I rode two coast to coast tours, 1977 and 1979. Fall and winter of 1981/82 I rode from Tuscon AZ to Atlanta GA. So that is like 2 5/8 cross country tours? I also rode the length of US 19 (PA to FL) in 1982 and toured Europe in 1983.

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Old 12-08-06, 07:19 PM
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Thanks for the post. I enjoyed reading it, though I'm glad I didn't live it.

I've always toured alone. I've also always met people and ended up in a sort of impromptu group. I think that's the best. You get companionship and someone to come to your aid if necessary (and vice versa), but everyone knows they have no formal ties with you and you can choose to pull out whenever you like with no guilt, no hard feelings, etc.

When I rode down the west coast, sometimes I rode with newfound friend(s) all day, sometimes I'd ride with them for an hour or two in the morning (maybe until breakfast), then say, "See you in the campground," and ride off. Sometimes I wouldn't see someone for two or three days, then reconnect. Sometimes I'd lose contact with someone and never see them again. No big deal, though, because the only person I was "beholding to" was myself.

I would ride in a formal group only if I knew the people really well - family members, people I'd previously toured with successfully, old friends. And even with them, before starting out I'd want to establish some groundrules: how often must one stop and wait for someone else, what do if someone wanted to ride alone for awhile, etc.

I'd also insist that everyone train in advance, but I wouldn't be overly harsh if someone showed up in worse shape than me. However, if, after several days, someone still rode significantly slower than me, I'd be reluctant to ride with them. It seems to tire me out to ride too slowly. I'd want to agree beforehand on how to handle that. Of course, if someone on the tour was faster than me, they'd be welcome to leave me in their dust, as long as they were where they said they were going to be at the end of the ride - motel, campground, etc.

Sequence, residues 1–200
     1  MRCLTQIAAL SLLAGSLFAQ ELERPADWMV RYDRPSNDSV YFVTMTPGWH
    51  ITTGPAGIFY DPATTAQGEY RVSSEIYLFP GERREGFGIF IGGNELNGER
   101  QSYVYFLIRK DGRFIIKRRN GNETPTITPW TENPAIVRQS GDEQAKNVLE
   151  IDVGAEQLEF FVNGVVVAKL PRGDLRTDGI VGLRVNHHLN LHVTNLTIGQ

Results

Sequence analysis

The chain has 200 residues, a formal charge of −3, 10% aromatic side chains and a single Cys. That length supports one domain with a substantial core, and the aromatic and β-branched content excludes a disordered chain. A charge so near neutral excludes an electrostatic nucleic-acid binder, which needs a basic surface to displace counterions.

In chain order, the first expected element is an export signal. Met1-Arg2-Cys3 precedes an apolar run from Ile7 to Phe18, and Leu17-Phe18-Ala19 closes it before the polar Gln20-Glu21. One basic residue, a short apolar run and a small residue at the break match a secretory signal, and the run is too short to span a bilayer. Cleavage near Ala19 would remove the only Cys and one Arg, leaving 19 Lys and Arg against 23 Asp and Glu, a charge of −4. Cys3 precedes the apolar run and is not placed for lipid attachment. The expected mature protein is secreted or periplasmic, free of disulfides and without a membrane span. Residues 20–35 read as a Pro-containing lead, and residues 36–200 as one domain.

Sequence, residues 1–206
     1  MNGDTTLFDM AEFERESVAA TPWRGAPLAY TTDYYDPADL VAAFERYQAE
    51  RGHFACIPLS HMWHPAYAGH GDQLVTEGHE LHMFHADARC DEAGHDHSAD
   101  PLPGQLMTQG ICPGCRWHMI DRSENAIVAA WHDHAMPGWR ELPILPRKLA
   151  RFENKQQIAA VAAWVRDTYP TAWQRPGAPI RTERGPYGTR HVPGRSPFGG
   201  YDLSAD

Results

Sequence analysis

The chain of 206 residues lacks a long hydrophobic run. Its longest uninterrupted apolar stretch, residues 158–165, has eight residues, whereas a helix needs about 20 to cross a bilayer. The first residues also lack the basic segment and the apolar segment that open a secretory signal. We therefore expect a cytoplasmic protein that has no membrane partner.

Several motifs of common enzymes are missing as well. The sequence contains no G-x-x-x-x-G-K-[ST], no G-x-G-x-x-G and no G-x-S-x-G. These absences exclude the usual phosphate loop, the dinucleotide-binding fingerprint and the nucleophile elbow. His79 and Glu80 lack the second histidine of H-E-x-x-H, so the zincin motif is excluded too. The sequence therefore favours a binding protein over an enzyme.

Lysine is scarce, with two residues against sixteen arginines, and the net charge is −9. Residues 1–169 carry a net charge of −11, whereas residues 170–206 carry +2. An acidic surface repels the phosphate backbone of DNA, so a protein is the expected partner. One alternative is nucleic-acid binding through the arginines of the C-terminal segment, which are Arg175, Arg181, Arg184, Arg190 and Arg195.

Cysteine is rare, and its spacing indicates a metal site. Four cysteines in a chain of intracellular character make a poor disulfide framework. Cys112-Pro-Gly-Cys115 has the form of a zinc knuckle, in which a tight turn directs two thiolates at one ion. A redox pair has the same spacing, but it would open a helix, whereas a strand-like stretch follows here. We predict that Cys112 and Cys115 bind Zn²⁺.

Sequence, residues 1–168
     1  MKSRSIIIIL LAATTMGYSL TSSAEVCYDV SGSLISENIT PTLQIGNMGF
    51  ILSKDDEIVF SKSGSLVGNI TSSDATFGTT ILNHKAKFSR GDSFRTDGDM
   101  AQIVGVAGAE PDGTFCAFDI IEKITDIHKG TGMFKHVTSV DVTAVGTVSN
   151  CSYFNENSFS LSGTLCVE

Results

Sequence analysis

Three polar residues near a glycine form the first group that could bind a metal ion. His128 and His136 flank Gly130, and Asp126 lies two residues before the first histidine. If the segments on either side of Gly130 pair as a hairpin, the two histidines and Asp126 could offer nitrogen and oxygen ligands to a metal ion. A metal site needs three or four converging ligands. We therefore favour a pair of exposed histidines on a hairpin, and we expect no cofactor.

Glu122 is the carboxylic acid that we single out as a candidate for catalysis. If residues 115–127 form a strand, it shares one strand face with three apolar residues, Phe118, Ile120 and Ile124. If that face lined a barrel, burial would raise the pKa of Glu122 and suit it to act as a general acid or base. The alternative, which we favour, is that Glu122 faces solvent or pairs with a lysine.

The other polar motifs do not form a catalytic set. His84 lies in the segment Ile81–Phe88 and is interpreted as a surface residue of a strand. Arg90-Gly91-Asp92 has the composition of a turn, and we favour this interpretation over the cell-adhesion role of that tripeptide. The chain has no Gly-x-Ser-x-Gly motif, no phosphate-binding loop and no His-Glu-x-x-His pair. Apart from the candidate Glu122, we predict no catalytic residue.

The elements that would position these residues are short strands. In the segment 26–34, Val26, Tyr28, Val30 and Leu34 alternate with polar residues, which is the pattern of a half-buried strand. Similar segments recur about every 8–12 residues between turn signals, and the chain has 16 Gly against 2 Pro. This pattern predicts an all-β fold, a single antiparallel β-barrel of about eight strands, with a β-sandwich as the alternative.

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Old 12-08-06, 08:00 PM
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When you're going on a group tour you have to be EXTREMELY flexible.

I know that this last September I was angry the whole ride. Mostly because I really didn't like the way half of the group was riding.

And in the final analysis most of it was probably my own insecurities more than anything else. I was probably worried about my own fitness (though it turned out that I was the strongest one) and so couldn't accept the way most everyone else was riding.

Luckily I kept my big mouth shut for the most part but I was probably surly to some guys who weren't doing anything different than I was doing.

Next time around I'll be less judgemental because I'll have more self confidence.

Let me suggest that you use tact instead of forthrightness.
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Old 12-09-06, 03:16 AM
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Thanks for the story, velonomad. If this is your first travelogue, it would be interesting to read the others. Good job. I love to read the travelogues that are written like yours. They are rather stories than travelogues and are written by ordinary people, those of them who have faculty to write about their life experience figuratively. It is always more interesting for me to read something that is drama or comedy than just list of facts. And no matter is it sad or funny, anyway better than nothing.

We used to drama. Every day we see drama on TV news, which is mixed up with advertising. That often looks like a show for us, but until we aren't involved personally.

I think the issue of group touring is important for young people especially. That is one of good ways to find friends ... or to loose them because of disappointment. I did it both. That gives good knowledge of life anyway and I have no regret.

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Old 12-09-06, 03:34 AM
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I want a group tour like I want to live in a group home.
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Old 12-09-06, 10:06 AM
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Excellent read, though my touring experience pales in comparison to yours, I have found similar "drama" as well. Most important rule in group touring:
Know thyself !